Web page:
Nettles
 

  Be Nice to Nettles Week
  a CONE initiative
Nettles
 
“Stingers are a vital part of growing up, giving us one of the most painful early memories of close contact with nature.

It is much later in life that most of us realise just how valuable they are, especially for some of our most beautiful wild creatures.

Without stinging nettles, peacock, small tortoiseshell and red admiral butterflies would have nowhere to lay their eggs, so do please find a space for nettles somewhere in your neighbourhood.”

Professor Chris Baines
Environmentalist and Broadcaster

 

 
 
 

Treatments from nettles

As well as the nutritional value people have exploited the medicinal properties of the stinging nettle.

Culpeper recommended the use of nettles to ’...consume the phlegmatic superfluities in the body of man, that the coldness and moisture of winter has left behind“. He also prescribed the juice of the leaves as a treatment for gangrenes and scabies.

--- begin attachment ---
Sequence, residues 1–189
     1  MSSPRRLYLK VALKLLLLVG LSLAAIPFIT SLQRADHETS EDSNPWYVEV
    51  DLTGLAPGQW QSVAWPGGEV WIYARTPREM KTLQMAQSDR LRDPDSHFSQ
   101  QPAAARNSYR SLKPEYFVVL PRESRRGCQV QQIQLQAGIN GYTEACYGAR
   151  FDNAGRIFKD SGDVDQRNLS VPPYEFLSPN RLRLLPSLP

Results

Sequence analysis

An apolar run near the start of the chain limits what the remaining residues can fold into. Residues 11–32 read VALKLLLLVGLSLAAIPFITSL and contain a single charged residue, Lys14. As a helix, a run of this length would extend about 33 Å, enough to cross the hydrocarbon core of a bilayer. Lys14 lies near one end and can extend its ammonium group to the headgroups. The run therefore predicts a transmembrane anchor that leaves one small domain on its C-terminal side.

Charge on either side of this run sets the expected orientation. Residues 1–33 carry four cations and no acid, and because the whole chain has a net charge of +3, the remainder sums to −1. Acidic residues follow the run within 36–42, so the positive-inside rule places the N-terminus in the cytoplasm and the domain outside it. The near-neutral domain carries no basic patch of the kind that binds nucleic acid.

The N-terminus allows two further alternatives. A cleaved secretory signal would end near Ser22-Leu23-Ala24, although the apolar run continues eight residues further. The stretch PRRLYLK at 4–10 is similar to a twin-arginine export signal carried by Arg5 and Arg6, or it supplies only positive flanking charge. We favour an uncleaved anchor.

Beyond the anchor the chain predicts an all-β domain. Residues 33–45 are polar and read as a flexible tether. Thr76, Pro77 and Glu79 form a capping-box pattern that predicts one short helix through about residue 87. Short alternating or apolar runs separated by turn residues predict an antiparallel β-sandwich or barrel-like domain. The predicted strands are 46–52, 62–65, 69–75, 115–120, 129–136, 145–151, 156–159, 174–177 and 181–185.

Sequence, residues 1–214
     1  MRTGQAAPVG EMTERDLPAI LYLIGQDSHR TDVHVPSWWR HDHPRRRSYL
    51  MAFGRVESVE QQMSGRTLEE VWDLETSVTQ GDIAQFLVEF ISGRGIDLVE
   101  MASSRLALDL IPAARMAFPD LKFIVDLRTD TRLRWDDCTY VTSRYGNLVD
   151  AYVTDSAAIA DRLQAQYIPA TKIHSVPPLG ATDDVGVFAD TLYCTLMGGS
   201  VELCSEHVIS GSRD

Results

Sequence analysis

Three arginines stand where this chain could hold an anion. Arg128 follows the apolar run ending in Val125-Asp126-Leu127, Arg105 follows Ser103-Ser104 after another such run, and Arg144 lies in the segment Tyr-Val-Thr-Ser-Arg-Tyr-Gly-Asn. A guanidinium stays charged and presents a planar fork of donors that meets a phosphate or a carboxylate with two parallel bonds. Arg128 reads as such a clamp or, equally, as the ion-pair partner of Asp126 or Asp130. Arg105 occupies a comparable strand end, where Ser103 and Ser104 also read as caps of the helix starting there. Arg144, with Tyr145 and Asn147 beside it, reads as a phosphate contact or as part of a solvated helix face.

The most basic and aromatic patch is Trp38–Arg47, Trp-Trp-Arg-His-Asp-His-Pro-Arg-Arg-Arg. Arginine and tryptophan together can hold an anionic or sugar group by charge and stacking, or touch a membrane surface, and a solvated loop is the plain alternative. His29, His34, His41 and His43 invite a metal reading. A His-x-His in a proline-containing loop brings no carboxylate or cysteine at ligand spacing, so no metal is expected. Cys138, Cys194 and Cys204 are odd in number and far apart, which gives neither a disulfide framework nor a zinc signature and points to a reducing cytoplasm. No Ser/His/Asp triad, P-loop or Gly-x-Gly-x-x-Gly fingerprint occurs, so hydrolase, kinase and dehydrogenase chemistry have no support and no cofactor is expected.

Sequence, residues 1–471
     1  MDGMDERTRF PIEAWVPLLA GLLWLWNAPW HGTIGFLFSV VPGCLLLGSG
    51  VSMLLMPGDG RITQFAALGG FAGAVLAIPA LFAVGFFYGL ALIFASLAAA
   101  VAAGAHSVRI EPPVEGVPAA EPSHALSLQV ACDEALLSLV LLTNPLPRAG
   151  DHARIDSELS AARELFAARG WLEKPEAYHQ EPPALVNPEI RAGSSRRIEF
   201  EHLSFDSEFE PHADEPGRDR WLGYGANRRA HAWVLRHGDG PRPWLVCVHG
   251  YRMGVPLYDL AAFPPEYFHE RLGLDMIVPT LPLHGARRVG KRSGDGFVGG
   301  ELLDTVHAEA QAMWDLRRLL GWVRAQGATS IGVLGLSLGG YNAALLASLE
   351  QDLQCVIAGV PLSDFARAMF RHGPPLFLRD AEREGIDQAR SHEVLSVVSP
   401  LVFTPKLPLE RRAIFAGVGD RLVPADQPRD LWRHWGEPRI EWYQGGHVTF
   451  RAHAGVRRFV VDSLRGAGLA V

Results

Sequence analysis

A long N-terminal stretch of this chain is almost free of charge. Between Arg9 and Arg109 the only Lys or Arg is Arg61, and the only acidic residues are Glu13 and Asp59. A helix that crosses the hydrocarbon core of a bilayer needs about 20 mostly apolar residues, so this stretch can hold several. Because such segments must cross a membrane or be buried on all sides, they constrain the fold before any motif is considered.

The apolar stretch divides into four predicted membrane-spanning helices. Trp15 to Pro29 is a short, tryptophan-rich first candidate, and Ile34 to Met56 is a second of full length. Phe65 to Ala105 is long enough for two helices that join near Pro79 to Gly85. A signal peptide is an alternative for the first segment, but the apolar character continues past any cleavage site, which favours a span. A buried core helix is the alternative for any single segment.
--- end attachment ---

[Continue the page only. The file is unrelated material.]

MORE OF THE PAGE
Native Americans used the fresh leaves to treat aches and pains. European herbalists used the leaves in a similar fashion to treat gout and arthritis.

Surprisingly, although the nettle sting is highly irritant, once dried to neutralise the acid the leaves are a natural anti-histamine and also have anti-asthmatic properties.

The dried powdered leaves can also be used to staunch the flow of blood from small cuts.

In recent times the nettle has also been found to be effective in the treatment of benign prostate hypertrophy.

 

 
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Did you know?
The Latin name of the nettle Urtica comes from the word 'uro' which means to burn!
 
 
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